Periodontal (gum) diseases, including gingivitis and periodontitis, are serious infections which if left untreated, can lead to tooth loss. The word periodontal literally means “around the tooth.” Periodontal disease is a chronic bacterial infection that affects the gums and bone supporting the teeth.
Periodontal disease can affect one tooth or many teeth. It begins when the bacteria in plaque (the sticky, colourless film that constantly forms on your teeth) causes the gum to become inflamed.
In the mildest form of the disease, gingivitis, the gums redden, swell and bleed easily. There is usually little or no discomfort. Gingivitis is often caused by inadequate oral hygiene. Gingivitis is reversible with professional treatment and good oral home care.
Untreated gingivitis can advance to periodontitis. With time, plaque can spread and grow below the gum line. Toxins produced by the bacteria in plaque irritate the gums. The toxins stimulate a chronic inflammatory response in which the body in essence turns on itself, and the tissues and bone that support the teeth are broken down and destroyed. Gums separate from the teeth, forming pockets (spaces between the teeth and gum) that become infected. As the disease progress , the pockets deepen and more gum tissue and bone are destroyed. Often, this destructive process has very mild symptoms. eventually, teeth can become loose and may have to be removed.
The main cause of periodontal disease is bacterial plaque, a sticky, colourless film that constantly forms on your teeth. However, the following factors also affect the health of your gums.
Research shows that up to 20% of the populations may be genetically susceptible to gum disease to the effect that teeth can be lost. Identifying these people before they even show signs of moderate disease and getting them into early interceptive treatment may help them keep their teeth for a lifetime.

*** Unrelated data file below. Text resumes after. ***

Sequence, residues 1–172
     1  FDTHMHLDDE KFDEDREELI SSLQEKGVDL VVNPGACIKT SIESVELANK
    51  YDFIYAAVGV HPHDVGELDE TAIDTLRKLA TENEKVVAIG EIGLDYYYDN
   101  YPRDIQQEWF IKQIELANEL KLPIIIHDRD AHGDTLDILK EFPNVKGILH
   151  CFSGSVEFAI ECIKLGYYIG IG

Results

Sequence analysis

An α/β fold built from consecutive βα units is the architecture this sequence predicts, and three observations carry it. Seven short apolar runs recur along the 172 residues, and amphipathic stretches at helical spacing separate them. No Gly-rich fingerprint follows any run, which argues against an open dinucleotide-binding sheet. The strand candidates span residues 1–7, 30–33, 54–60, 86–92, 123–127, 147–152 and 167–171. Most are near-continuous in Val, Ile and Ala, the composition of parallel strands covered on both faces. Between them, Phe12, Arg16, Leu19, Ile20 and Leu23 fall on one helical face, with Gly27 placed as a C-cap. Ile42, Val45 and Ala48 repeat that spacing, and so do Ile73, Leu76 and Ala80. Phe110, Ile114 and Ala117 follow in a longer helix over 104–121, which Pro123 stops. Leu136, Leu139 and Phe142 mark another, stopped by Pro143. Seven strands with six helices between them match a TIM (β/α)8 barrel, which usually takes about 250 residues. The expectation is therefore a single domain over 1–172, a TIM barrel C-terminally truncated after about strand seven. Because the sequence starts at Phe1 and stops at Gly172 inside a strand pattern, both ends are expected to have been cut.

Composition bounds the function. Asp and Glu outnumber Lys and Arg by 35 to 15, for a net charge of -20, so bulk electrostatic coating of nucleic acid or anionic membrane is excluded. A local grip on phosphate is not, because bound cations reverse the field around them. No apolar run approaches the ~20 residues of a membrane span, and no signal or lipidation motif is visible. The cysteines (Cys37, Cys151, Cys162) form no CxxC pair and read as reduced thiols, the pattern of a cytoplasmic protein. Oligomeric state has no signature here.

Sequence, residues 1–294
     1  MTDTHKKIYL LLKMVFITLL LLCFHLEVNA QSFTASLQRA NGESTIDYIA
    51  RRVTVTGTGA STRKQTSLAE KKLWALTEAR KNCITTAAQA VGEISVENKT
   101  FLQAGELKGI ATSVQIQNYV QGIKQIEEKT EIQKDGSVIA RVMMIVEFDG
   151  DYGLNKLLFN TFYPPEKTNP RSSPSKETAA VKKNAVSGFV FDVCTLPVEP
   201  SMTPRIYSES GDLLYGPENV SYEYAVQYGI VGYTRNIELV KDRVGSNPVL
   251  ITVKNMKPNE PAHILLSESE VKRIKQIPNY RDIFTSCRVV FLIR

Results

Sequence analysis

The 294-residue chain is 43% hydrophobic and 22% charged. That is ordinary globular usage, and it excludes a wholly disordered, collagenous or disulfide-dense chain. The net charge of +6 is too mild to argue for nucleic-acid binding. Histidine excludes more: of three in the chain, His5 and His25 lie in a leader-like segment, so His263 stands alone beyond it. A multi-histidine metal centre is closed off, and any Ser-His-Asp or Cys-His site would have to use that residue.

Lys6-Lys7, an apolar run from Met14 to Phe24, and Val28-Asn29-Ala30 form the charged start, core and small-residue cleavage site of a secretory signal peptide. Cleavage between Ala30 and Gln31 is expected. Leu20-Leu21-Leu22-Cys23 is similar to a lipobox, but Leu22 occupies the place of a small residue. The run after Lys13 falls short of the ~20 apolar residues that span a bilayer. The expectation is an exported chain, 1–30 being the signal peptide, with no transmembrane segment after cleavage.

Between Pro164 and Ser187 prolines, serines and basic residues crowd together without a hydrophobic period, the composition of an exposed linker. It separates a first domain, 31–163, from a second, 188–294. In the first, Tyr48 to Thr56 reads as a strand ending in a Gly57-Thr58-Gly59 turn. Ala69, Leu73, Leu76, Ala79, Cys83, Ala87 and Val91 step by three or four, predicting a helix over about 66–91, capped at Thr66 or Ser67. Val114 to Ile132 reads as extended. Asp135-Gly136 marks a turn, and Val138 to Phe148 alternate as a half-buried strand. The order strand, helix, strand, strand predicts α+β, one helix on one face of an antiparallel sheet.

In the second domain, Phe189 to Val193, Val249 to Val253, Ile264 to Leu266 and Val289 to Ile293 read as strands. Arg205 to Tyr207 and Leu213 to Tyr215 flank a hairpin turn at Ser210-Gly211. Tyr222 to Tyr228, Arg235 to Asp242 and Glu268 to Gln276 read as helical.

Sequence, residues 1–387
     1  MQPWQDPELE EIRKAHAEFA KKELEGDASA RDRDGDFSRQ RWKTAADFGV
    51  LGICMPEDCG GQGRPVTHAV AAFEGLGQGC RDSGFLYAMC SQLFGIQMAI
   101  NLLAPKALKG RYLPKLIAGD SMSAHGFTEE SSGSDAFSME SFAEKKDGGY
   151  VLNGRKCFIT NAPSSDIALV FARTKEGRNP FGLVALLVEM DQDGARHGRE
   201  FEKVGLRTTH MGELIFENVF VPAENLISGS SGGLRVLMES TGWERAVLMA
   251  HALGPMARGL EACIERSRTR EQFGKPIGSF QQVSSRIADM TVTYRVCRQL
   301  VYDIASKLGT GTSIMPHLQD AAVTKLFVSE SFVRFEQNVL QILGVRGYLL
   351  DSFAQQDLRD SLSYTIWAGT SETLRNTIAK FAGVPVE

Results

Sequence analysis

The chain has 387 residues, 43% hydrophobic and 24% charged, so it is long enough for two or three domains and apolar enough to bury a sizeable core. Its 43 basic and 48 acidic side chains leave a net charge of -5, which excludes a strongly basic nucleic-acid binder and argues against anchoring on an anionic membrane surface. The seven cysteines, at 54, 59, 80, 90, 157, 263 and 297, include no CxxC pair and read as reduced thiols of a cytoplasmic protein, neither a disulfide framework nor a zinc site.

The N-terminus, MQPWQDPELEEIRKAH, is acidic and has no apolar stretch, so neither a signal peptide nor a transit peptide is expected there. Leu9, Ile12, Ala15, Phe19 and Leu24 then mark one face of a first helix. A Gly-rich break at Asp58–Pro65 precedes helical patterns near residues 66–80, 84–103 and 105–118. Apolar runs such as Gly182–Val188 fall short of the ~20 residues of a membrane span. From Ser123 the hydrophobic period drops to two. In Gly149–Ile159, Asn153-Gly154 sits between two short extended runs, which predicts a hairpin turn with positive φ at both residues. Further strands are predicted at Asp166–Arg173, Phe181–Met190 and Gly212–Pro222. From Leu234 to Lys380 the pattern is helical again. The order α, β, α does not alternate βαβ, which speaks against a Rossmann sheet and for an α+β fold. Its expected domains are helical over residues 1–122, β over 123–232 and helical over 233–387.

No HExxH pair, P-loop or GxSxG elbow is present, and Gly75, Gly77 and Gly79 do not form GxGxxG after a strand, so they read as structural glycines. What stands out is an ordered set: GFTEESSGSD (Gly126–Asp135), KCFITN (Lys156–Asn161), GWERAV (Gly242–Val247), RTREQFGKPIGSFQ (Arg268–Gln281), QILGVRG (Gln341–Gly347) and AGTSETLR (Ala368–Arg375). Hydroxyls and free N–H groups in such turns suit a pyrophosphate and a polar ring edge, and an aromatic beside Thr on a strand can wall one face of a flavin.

As you probably already know, tobacco use is linked with many serious illnesses such as cancer, lung disease and heart disease, as well as numerous other health problems. What you may not know, is that tobacco users also are at increased risk for periodontal disease. In fact, recent studies have shown that tobacco use may be one of the most significant risk factors in the development and progression of periodontal disease.
Diabetes is a disease that causes altered levels of sugar in the blood. Diabetes develops from either a deficiency in insulin production (a hormone that is the key component in the body’s ability to use blood sugars) or the body’s inability to use insulin correctly. According to the American Diabetes Association, approximately 16million Americans have diabetes, however, more than half have not been diagnosed with this disease. If you are diabetic, you are at a higher risk for developing infections, which may cause your diabetes to be more difficult to control and your infection to be more severe than a non-diabetic.
As you probably already know, stress is linked to many serious conditions such as hypertension, cancer and numerous other health problems. What you may not know is that stress also is a risk factor for periodontal disease. Research demonstrates that stress can make it more difficult for the body to fight off infection, including periodontal diseases.
As a woman, you know that your health needs are unique. You know that brushing and flossing daily, a health diet, and regular exercise are all important to help you stay in shape. You also know that at specific times in your life, you need to take extra care of yourself; times when you mature and change, for example, puberty or menopause, and times when you have special health needs, such as menstruation or pregnancy. During these particular times, your body experiences hormonal changes. These changes can affect many of the tissues in your body, including your gums. Your gums can become sensitive and at times react strongly to the hormonal fluctuations, which may make you more susceptible to gum disease. Additionally, recent studies suggest that pregnant women with gum disease are seven times more likely to deliver pre-term, low birth weight babies.
Some drugs, such as oral contraceptives, anti-depressants, and certain heart medicines, can affect your oral health. Just as you notify your pharmacist and other health care providers of all medicines you are taking and any changes in your overall health, you should also inform your dental care provider.